Advanced Energy Research Projects Are Hot
Millions of dollars were laid out this year for all manner of energy research - from new biofuels and wind projects to better batteries and smartgrid cybersecurity programs.
There were other stories too, such as the X Prize Foundation's $10 million Progressive Insurance Automotive X Prize that was awarded to three teams who developed super fuel-efficient vehicles capable of achieving 100 miles per gallon or the energy equivalent (MPGe). In the end it will be interesting to see how all that research manifests itself in real products and programs. Here is a look at some of the key energy stories this year.
U.S. offers $30 million for high-risk biofuel research
The U.S. Department of Energy in December announced $30 million for research projects that would develop advanced biofuels that could replace gasoline or diesel without requiring special upgrades or changes to the vehicle or fueling infrastructure. The $30 million would be spent over the next four years to support as many as five "traditionally high-risk biofuels projects," such as converting biomass into biofuels and bioproducts to be eventually used for hydrocarbon fuels and chemicals.
US delivers record 1.7B supercomputing hours to boost energy research
The U.S. DoE awarded a massive amount of its world-class supercomputing time to 57 research projects looking at everything from biofuels and climate change to nuclear power and lithium air batteries. The DOE is awarding time on its Cray XT5 "Jaguar" at Oak Ridge National Laboratory and the IBM Blue Gene/P "Intrepid" at Argonne National Laboratory. Jaguar's computational capacity is roughly equivalent to 109,000 laptops all working together to solve the same problem. Intrepid is roughly equivalent to 26,000 laptops, the DOE stated.
IBM, European Union team to swat electronic vampires
IBM and a number of European academic and corporate scientists in October announced a project known as Sleeper that aims to reduce the energy used by everything from mobile phones to laptops and televisions to supercomputers by 10-fold. The problem? The enormous amount of electricity sucked up by computer equipment in standby mode. In the European Union it is estimated that the vampire effect of standby power already accounts for about 10 % of the electricity used in homes and offices of the member states. By 2020 it is expected that electricity consumption in standby/off-mode will rise to 49 terrawatt hours per year - nearly equivalent to the annual electricity consumption for Austria, Czech Republic and Portugal combined, according to a press release from IBM.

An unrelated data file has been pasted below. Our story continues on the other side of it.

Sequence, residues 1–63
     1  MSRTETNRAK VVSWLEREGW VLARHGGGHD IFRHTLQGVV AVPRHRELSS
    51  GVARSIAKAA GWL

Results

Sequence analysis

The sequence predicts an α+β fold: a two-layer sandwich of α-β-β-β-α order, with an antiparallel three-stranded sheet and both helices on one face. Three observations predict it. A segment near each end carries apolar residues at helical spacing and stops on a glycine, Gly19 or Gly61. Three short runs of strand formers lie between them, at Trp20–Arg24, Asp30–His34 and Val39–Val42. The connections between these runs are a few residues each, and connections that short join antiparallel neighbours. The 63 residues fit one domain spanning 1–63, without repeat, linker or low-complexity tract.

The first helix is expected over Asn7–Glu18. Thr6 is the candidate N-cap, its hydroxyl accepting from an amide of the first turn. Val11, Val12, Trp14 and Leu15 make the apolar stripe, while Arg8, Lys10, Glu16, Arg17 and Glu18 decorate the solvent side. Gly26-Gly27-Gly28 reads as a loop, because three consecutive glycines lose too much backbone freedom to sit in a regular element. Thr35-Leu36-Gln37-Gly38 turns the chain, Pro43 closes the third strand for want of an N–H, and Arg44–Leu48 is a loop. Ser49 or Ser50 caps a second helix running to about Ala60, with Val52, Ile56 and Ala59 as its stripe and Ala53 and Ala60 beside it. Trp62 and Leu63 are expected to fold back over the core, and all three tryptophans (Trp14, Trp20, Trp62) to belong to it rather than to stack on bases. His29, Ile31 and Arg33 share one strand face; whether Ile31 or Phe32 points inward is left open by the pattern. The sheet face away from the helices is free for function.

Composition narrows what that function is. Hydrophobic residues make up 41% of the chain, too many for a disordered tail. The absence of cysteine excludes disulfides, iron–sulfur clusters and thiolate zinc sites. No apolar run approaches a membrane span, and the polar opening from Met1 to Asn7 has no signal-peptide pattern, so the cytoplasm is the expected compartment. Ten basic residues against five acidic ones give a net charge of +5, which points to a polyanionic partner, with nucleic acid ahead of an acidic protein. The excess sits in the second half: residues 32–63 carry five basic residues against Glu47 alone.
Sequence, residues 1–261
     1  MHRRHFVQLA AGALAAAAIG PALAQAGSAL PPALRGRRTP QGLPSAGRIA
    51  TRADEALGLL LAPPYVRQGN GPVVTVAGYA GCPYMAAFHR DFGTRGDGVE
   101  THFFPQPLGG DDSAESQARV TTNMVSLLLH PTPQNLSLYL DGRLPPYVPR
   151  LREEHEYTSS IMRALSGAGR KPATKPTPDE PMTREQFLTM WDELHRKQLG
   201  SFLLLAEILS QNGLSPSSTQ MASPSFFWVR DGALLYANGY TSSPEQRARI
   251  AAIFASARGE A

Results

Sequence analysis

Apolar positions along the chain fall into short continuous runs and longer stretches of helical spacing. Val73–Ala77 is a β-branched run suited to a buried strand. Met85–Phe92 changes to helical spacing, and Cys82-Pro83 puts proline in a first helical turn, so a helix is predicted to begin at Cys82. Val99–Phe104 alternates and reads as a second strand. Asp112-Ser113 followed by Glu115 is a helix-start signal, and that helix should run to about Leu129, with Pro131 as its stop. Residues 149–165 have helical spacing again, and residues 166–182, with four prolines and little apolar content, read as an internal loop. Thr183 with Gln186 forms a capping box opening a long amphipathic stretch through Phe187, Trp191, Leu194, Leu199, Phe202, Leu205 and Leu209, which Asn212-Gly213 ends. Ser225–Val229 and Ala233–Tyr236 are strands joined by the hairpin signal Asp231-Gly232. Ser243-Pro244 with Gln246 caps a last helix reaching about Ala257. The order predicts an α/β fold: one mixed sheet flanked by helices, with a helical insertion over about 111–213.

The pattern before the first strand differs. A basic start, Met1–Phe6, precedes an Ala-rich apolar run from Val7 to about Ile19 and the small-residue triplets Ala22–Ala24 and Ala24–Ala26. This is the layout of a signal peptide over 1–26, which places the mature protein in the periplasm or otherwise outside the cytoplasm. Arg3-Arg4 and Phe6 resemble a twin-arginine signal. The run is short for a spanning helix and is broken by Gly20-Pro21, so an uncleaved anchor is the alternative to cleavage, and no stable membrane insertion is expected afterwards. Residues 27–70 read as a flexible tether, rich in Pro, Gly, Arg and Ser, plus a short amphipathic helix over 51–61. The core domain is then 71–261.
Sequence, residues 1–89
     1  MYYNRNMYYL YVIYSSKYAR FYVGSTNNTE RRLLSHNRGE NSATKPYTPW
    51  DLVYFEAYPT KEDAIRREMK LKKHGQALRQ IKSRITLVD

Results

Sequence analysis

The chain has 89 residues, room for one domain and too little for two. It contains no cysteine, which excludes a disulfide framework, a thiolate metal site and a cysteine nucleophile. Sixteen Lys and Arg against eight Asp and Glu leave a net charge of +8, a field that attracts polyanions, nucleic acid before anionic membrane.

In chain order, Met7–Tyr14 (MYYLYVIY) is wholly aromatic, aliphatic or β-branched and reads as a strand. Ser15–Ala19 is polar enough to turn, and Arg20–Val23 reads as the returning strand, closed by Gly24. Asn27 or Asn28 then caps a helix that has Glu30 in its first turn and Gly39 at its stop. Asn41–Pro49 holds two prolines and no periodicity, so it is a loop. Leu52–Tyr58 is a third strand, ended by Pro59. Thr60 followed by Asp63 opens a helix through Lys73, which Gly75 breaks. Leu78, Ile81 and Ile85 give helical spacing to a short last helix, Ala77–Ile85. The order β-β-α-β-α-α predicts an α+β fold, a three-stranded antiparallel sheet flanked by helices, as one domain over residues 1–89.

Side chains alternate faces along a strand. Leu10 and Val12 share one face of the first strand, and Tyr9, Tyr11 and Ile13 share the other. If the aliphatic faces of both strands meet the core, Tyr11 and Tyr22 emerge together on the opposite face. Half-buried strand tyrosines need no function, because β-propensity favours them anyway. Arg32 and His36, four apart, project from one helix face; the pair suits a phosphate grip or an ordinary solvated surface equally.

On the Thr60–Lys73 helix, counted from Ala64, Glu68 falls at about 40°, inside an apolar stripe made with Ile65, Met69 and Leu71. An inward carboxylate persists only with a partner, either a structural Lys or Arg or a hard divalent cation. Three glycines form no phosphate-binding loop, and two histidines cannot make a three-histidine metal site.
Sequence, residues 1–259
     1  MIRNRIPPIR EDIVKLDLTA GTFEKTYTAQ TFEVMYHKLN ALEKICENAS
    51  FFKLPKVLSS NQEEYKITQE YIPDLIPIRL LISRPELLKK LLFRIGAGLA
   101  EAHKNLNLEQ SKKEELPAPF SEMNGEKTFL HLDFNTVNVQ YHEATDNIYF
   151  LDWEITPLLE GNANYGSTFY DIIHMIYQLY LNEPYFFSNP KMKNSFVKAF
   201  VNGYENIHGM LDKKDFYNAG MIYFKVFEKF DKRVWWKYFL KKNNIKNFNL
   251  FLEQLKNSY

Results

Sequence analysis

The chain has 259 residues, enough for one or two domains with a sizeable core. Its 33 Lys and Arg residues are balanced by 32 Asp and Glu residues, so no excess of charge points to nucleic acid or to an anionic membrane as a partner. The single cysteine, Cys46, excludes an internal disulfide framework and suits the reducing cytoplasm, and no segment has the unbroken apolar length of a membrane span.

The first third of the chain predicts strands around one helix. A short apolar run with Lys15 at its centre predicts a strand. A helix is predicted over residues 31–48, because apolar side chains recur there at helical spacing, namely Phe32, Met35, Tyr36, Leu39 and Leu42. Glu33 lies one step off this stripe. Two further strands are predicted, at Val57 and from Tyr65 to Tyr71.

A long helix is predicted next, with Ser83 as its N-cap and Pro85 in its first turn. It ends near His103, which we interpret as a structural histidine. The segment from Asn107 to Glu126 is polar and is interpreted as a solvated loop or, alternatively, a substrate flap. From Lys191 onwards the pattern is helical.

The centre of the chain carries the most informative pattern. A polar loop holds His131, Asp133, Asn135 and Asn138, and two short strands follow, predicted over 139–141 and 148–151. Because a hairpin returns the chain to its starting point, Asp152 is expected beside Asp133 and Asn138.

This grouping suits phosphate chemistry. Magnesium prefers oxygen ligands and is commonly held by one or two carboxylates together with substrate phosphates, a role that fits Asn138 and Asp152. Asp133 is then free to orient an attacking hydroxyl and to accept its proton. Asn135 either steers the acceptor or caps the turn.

Google wants to control wind energy
Google in October said it wants a big part of the energy that could be generated from offshore wind farms. The company said it inked "an agreement to invest in the development of a backbone transmission project off the Mid-Atlantic coast that offers a solid financial return while helping to accelerate offshore wind development - so it's both good business and good for the environment. The new project can enable the creation of thousands of jobs, improve consumer access to clean energy sources and increase the reliability of the Mid-Atlantic region's existing power grid."
The U.S. offshore wind energy technology conundrum
If wind is ever to be a significant part of the energy equation in this country we'll need to take it offshore - into the deep oceans. Large offshore wind objects could harness about more than 4,000 GW of electricity according to a massive report on wind energy out this week from the U.S. DoE. The DoE notes that while the United States has not built any offshore wind projects about 20 projects representing more than 2,000 MW of capacity are in the planning and permitting process. Most of these activities are in the Northeast and Mid-Atlantic regions, although projects are being considered along the Great Lakes, the Gulf of Mexico, and the Pacific Coast. The deep waters off the West Coast, however, pose a technology challenge for the near term.
10 new smart Grid projects should bulk up cybersecurity
The U.S. DoE in October spent $30.4 million on cybersecurity projects it says will go a long way towards addressing the nation's electric grid cybersecurity issues. These new projects are in addition to the $3.4 billion in stimulus grants to electric utilities got last year for over 100 Smart Grid modernization projects. The idea with the projects -- including two new cybersecurity collaborative groups -- is to research, develop, and commercialize a range of cybersecurity services to strengthen the U.S. energy infrastructure against cyber intrusion and assist operators in complying with cybersecurity regulations, said U.S. Energy Secretary Steven Chu.
U.S. wants big, revolutionary energy storage systems
Looking for a major new ways to harness wind, solar and other evolving renewable energy, the U.S. DoE in September issued a call for advanced large-scale energy storage system technology. The DoE said the goal of its solicitation is to identify and prove new concepts for applied research in materials chemistry, battery components, battery designs and any technologies that will lead to breakthroughs in grid energy storage.
Three wicked cool car teams split $10 million X Prize for advanced, fuel efficient vehicles
After a brutal 30-month competition that initially pitted 136 car development teams against each other, the X Prize Foundation in October split the $10 million Progressive Insurance Automotive X Prize to three teams who developed super fuel-efficient vehicles capable of achieving 100 miles per gallon or the energy equivalent (MPGe). While the competition may be over, the real fun begins now. That's because one of the driving principles behind the X Prize is not only to win the competition but to be able to take those winning designs and turn them into real products. Under a U.S. DoE-funded technical assistance program, qualified Progressive Insurance Automotive X Prize competitors will get funding for access to key automotive expertise and test facilities. So you could see one of these cars on a street near you in a couple years.